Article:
Tuesday, October 31, 2006

What's wrong with NASCAR?

There's got to be something wrong with the National Association of Stock Car Racing, right? Is it indeed the perfect American sport or is it just perfectly flawed like America?

Really, what's wrong with me that I'm sitting here in my driveway handing out halloween candy while my wife teaches bible study inside and I'm writing about NASCAR and what's right or wrong with it? Probably free time allotment; I've got too much right now and not enough later.

Is anything wrong with NASCAR? Aside from lack of capitalization control, things like this: Lars Anderson's NASCAR Power Rankings.

This isn't backlash from hockey-guy, because he's mad that his sport, which he believes trumps NASCAR physically, emotionally, and intellectually for both the player and fan, is so poorly watched while NASCAR is printed on everything from Cheerios to underwear to flash drives. This is open, honest thinking from wannabe-economist-guy who, like every good economist, can attribute value (or attempts such) to invaluable or incalculable items.

That's why I love polls--especially sports polls. Of course the only thing that matters is where the teams finish at the end of the season, but prognosticators of all sorts like to predict the finish. That's why we have polls, power polls, power rankings, rankings, standings, sittings, and similarly useless data. (Sittings, of course, unreal and would be useless even if real).

But with Lars, I must draw the line; this is just too far. First, what is a guy named Lars doing pretending to be a NASCAR fan, let alone expert? I'd more likely believe Dr Laura Schlessinger's NASCAR review than Lars I'm-from-the-midwest-one-generation-removed-from-Norway Anderson. If it were Mikey, Jimmy, Billy, Tommy, or Danny Anderson telling me what they thought about pit crew efficiency and which team had the best shot at next weekend's 600, I'd believe it without question. But not Lars.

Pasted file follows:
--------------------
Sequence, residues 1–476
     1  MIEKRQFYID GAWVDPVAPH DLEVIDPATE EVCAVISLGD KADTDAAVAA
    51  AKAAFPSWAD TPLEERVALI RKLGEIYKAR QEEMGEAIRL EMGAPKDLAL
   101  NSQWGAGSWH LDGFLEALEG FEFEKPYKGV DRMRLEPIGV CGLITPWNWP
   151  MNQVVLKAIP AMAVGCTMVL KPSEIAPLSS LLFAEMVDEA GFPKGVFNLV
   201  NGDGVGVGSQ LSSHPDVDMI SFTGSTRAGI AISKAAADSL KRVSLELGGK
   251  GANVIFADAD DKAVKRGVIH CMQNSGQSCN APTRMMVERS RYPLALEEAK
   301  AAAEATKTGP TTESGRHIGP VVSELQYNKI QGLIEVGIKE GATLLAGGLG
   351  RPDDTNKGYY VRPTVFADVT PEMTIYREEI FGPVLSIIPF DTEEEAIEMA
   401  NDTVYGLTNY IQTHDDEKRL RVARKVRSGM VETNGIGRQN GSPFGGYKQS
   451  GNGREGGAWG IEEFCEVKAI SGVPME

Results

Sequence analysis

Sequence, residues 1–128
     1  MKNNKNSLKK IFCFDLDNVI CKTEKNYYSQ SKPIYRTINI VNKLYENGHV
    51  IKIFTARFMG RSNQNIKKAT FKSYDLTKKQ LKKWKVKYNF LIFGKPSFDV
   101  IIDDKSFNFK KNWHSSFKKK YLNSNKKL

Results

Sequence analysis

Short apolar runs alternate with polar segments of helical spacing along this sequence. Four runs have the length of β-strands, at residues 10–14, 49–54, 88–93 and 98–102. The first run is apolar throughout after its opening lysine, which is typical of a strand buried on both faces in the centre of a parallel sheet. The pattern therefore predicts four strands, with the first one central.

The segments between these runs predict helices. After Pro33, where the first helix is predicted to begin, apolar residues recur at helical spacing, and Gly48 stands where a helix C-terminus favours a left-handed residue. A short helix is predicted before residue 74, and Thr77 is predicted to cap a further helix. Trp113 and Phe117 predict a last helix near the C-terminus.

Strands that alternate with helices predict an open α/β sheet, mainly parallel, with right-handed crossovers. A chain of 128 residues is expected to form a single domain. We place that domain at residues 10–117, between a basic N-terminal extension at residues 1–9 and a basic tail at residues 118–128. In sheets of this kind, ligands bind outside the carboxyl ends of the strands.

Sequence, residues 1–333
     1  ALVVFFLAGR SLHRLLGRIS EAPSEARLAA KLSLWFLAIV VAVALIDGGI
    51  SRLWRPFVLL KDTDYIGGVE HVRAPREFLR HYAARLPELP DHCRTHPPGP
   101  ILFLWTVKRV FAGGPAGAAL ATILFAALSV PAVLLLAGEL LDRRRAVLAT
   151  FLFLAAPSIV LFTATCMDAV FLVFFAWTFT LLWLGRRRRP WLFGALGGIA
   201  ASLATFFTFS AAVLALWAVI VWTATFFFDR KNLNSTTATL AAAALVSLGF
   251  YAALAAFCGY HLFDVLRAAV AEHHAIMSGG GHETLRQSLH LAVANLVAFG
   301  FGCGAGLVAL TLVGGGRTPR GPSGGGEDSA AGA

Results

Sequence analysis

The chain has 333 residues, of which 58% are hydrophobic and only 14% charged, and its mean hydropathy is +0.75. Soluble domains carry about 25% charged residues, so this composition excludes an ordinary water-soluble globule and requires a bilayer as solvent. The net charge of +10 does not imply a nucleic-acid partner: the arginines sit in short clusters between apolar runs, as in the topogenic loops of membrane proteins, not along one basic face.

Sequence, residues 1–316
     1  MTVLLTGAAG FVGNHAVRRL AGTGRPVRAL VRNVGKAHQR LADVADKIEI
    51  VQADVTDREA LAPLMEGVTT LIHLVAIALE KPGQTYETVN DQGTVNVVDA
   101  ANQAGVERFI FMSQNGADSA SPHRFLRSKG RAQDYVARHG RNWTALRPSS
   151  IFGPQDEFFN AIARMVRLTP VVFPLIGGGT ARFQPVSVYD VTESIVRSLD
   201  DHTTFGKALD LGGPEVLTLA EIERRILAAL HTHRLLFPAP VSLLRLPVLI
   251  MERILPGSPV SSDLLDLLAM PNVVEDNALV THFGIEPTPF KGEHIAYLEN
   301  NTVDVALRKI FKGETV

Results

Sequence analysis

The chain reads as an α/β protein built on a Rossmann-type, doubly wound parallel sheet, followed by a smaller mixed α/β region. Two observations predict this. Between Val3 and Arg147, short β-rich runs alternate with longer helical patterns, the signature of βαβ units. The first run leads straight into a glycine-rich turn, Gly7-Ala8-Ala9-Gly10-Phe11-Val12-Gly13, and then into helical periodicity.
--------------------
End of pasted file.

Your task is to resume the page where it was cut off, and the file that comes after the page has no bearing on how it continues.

Put aside the obvious need of pseudonym and we come up with a more obvious flaw in Lars' rankings. NASCAR already has honest rankings. They're compiled after every race because every driver competes with every other driver in the same conditions almost every week. Scientists would go crazy for this data and economists would quit their jobs if all circumstances were so often and easily controlled. Not only is this useful data so easily obtainable and comparable, but NASCAR has, on top of that, its own series rankings systems already, making Lars useless!

Not that Lars is useless, of course, and his rankings are interesting prognostication. I like that. So why is all this so bad? Have I simply got too much free time, or am I mad? Maybe, but here is the catch: Lars gets paid by Sports Illustrated to post this tripe on their front page! A multi-billion dollar industry is making money by brandishing rehashed information as news by a correspondent whose name indicates his inadequacy. Maybe that's not so bad, though. Maybe I can write a column predicting last week's weather. Or I can freelance with the New York Times to create a best-seller power ranking. Or maybe I could go to tv; anybody have a number for Fox news? They must need a NASCAR anchor.